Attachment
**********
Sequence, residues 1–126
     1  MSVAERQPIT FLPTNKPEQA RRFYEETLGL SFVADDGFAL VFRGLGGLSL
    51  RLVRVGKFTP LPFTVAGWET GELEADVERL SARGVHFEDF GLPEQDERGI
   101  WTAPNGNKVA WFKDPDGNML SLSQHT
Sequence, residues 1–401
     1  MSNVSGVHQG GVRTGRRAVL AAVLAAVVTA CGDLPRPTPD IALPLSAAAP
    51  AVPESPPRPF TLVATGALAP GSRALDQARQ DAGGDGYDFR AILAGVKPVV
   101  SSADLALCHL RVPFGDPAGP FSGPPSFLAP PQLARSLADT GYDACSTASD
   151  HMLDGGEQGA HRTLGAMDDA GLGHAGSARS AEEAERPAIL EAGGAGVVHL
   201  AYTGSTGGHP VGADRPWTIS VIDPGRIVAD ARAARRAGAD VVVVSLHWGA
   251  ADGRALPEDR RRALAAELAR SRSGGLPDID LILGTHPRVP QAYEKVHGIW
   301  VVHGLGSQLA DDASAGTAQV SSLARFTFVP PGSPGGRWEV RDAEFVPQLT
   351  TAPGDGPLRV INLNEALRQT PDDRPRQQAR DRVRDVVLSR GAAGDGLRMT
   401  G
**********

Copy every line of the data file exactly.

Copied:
Sequence, residues 1–126
     1  MSVAERQPIT FLPTNKPEQA RRFYEETLGL SFVADDGFAL VFRGLGGLSL
    51  RLVRVGKFTP LPFTVAGWET GELEADVERL SARGVHFEDF GLPEQDERGI
   101  WTAPNGNKVA WFKDPDGNML SLSQHT
Sequence, residues 1–401
     1  MSNVSGVHQG GVRTGRRAVL AAVLAAVVTA CGDLPRPTPD IALPLSAAAP
    51  AVPESPPRPF TLVATGALAP GSRALDQARQ DAGGDGYDFR AILAGVKPVV
   101  SSADLALCHL RVPFGDPAGP FSGPPSFLAP PQLARSLADT GYDACSTASD
   151  HMLDGGEQGA HRTLGAMDDA GLGHAGSARS AEEAERPAIL EAGGAGVVHL
   201  AYTGSTGGHP VGADRPWTIS VIDPGRIVAD ARAARRAGAD VVVVSLHWGA
   251  ADGRALPEDR RRALAAELAR SRSGGLPDID LILGTHPRVP QAYEKVHGIW
   301  VVHGLGSQLA DDASAGTAQV SSLARFTFVP PGSPGGRWEV RDAEFVPQLT
   351  TAPGDGPLRV INLNEALRQT PDDRPRQQAR DRVRDVVLSR GAAGDGLRMT
   401  G